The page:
Winter sports activities include cross-country skiing, snowmobiling, ice climbing, ice fishing. The administrators of Pictured Rocks have worked to make much of its rugged environment wheelchair accessible. Features include: Interagency Visitor Center, Munising Falls Interpretive Center, Miners Castle Information Station in Munis
Hiawatha National Forest
Hiawatha National Forest is a 894,836-acre National Forest in the Upper Peninsula of the state of Michigan in the United States. Commercial logging is conducted in some areas; the United States Forest Service administers this National Forest. In descending order of land area it lies in parts of Chippewa, Mackinac, Alger and Marquette counties. Chippewa and Mackinac counties are in the Eastside; the smaller Eastside contains about 44% of the forest's area, whereas the larger Westside has about 56%. Forest headquarters are located in Michigan. Eastside ranger district offices are located in Sault Ste. Marie and St. Ignace, while Westside offices are in Manistique and Rapid River. Eastside was a large infertile sandy area, never homesteaded or developed, it was designated Marquette National Forest by President Theodore Roosevelt in 1909. This land was administered with Huron National Forest as the Michigan National Forest from 1918 until 1962, when it was transferred to Hiawatha; the forest was authorized to buy an additional 307,000 acres in 1925 and 50,000 acres in 1935.
Westside began being purchased in 1928 and was designated Hiawatha National Forest in 1931. This unit was extensively replanted by the Civilian Conservation Corps. Many wildlife species roam in this forest including timber wolves, white-tailed deer, golden eagles, black bears, coyotes, bald eagles, red foxes, river otters, Canadian lynxes, muskrats, sandhill cranes and wild turkeys; the forest has over 100 miles of shoreline. Both east and west units have shoreline on both Lake Lake Michigan; the west unit borders Pictured Rocks National Lakeshore, administered by the National Park Service, the Grand Island National Recreation Area, separately administered by the U. S. Forest Service. Several lighthouses are located along the shores; the Point Iroquois Light is operated as a museum. The segment of the 4,600-mile-long North Country Trail passes through the forest; the Hiawatha National Forest contains six designated wilderness areas: Big Island Lake Wilderness Delirium Wilderness Horseshoe Bay Wilderness Mackinac Wilderness Rock River Canyon Wilderness Round Island WildernessThere are five National Wild and Scenic Rivers in the Forest: Carp River, Indian River, Sturgeon River, Tahquamenon River, Whitefish River.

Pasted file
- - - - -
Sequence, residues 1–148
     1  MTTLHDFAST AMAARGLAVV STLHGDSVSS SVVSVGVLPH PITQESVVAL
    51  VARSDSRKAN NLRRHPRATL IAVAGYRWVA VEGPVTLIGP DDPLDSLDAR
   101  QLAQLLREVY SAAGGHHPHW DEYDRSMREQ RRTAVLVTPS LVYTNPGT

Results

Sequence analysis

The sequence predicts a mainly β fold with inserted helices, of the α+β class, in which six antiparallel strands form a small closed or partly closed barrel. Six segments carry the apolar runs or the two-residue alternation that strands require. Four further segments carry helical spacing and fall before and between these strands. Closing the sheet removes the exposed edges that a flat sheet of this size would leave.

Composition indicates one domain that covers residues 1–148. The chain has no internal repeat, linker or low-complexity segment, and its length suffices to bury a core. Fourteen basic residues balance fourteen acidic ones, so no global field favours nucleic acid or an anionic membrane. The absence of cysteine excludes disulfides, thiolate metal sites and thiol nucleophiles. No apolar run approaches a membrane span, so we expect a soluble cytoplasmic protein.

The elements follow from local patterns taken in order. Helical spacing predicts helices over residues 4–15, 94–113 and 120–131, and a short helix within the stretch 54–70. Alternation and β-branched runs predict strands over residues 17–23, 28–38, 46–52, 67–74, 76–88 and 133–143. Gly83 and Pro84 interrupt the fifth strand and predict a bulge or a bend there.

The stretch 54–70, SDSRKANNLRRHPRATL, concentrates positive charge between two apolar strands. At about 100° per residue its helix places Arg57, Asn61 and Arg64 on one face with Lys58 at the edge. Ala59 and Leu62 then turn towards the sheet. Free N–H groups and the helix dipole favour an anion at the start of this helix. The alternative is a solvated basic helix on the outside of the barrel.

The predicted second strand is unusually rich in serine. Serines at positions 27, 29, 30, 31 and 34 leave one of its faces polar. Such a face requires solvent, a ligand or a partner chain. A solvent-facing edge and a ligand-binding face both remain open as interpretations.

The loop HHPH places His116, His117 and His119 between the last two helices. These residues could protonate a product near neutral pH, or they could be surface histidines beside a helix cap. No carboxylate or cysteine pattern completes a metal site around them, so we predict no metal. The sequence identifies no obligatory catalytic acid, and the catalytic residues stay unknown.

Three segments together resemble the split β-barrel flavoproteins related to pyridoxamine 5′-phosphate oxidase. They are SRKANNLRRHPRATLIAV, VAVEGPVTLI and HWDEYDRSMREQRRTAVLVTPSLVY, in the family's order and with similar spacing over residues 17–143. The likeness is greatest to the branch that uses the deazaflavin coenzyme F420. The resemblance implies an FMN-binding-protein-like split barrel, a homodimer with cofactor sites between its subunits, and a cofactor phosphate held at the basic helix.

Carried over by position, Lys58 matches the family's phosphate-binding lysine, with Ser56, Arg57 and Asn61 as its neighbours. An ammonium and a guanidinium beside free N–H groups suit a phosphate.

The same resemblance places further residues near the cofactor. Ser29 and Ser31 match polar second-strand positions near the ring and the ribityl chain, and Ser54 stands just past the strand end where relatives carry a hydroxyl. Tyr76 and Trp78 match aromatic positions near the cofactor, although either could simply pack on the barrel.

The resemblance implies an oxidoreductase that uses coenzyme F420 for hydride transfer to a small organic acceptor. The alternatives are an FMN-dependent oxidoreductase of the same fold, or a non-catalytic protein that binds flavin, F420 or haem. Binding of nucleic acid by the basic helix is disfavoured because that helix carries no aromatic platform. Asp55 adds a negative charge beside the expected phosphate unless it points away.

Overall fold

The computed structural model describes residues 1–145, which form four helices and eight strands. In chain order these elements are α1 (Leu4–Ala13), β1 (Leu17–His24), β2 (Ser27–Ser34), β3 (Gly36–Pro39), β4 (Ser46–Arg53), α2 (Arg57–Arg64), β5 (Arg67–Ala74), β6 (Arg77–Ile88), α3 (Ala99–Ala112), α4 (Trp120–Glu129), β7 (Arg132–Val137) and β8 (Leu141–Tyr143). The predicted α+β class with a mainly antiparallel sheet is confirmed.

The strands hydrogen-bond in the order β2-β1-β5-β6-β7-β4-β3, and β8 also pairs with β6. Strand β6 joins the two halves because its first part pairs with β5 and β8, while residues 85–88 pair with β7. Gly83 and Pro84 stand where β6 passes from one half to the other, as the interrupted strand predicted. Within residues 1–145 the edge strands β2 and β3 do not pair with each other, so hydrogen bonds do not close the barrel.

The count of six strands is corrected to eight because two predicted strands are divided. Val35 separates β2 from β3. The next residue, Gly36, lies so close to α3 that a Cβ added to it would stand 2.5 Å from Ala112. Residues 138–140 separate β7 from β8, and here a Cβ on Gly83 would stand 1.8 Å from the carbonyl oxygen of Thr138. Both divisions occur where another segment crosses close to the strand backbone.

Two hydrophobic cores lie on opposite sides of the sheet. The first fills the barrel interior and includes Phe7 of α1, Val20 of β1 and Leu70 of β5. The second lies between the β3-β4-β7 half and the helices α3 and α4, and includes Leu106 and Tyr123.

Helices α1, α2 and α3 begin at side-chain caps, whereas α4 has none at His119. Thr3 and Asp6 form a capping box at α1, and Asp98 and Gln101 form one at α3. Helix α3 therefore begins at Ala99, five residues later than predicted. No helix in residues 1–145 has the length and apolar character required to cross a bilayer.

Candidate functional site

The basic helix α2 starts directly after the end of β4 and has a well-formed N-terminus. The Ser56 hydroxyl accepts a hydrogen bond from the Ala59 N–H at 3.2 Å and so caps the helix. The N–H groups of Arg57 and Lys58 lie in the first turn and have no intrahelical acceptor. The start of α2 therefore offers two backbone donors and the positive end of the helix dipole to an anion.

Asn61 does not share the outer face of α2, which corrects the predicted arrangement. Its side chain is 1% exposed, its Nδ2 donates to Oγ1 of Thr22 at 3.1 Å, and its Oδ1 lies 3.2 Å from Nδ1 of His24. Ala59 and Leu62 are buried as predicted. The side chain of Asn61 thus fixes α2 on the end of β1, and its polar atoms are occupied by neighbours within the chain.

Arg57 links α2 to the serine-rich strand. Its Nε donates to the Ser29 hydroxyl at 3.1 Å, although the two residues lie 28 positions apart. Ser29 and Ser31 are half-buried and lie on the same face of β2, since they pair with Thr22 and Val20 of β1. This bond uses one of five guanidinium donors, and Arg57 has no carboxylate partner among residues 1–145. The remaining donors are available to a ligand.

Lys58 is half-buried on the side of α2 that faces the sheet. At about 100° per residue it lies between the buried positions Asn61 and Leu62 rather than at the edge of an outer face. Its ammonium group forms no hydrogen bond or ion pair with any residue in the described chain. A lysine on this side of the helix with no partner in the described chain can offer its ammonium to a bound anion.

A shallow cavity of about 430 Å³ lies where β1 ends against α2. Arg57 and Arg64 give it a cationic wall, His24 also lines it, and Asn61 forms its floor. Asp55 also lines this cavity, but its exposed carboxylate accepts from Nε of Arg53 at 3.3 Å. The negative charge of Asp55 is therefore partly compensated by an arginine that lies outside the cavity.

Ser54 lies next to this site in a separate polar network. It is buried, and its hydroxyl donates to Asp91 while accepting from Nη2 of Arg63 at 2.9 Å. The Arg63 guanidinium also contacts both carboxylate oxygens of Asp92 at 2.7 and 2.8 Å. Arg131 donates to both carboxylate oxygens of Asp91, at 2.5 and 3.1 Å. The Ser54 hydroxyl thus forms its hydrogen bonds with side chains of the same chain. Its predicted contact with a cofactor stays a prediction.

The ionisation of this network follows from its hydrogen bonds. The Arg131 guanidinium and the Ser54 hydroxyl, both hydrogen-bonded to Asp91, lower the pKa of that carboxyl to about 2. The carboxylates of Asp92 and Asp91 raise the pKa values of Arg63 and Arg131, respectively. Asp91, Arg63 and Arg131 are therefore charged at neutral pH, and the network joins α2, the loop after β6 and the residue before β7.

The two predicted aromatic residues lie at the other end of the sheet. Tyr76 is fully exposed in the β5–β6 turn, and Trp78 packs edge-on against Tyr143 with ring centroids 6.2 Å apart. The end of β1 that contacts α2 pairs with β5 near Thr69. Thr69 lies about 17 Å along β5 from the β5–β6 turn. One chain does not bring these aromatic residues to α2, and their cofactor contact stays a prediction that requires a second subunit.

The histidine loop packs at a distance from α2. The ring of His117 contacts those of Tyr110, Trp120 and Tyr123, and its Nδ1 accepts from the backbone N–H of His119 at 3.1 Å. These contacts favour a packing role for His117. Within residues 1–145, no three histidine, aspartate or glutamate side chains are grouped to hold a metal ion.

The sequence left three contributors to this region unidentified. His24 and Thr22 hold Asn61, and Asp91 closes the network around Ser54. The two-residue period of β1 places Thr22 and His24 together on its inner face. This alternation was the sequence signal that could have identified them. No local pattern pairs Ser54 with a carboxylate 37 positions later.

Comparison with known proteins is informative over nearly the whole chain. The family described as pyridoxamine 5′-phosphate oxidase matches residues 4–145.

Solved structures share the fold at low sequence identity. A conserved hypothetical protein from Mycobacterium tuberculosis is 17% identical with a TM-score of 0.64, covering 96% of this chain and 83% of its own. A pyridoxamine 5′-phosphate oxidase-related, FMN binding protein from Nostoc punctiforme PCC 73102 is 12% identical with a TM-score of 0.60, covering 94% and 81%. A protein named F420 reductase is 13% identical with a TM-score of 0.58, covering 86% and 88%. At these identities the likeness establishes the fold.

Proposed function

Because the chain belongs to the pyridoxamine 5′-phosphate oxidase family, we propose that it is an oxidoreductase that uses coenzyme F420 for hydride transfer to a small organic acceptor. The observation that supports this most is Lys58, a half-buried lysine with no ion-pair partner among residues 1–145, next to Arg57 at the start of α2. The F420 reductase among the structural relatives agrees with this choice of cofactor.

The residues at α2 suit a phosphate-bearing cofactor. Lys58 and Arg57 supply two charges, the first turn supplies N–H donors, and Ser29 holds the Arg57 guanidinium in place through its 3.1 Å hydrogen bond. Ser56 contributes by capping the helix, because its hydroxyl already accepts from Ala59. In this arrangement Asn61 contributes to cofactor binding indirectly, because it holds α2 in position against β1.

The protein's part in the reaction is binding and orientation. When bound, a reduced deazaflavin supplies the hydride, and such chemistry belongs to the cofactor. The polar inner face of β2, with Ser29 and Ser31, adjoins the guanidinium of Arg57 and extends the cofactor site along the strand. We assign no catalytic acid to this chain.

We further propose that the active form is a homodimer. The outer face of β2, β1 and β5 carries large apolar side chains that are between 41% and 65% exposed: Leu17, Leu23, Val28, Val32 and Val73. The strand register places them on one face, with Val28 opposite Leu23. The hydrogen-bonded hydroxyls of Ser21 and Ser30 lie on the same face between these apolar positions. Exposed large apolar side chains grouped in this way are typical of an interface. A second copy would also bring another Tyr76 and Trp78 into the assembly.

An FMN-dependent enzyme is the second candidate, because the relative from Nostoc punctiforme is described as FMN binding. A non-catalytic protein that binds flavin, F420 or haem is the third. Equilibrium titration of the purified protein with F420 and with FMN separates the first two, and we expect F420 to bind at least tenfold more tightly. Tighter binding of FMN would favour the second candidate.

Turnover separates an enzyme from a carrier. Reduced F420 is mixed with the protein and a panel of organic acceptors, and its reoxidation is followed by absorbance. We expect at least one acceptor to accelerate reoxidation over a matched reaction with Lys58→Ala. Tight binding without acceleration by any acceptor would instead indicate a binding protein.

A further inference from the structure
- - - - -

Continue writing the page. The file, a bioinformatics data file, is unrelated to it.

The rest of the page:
According to the forest service, it was "Named after the Mohawk chief, who brought about the confederation known as the Five Nations of the Iroquois. He was the hero of Longfellow's poem,'Hiawatha'." Hiawatha National Forest has many popular areas for camping tourism. Some of the campgrounds include the following: AuTrain Bay Furnace Bay View: This is a 24 campsite campground located near Brimley, Michigan on Lake Superior, it offers a secluded beach. Brevoort Lake Camp 7 Lake Carp River: 44 campsites located near the Mackinaw Bridge. Fishing is possible here. Collwell Lake Corner Lake Flowing Well Foley Creek: 54 campsites located near the Mackinaw Bridge Indian River Island Lake Lake Michigan: 35 campsites on Lake Michigan located near the Mackinaw Bridge Little Bass Lake Little Bay De Noc Monocle Lake Campground: This is a 39-site campground located near Brimley, Michigan near Lake Superior, it is a popular destination for RV camping. Petes Lake Campground Soldiers Lake Recreation Area Three Lakes Campground Widewaters Campground Hiawatha National Forest Hiawatha National Forest Facebook
Highland Recreation Area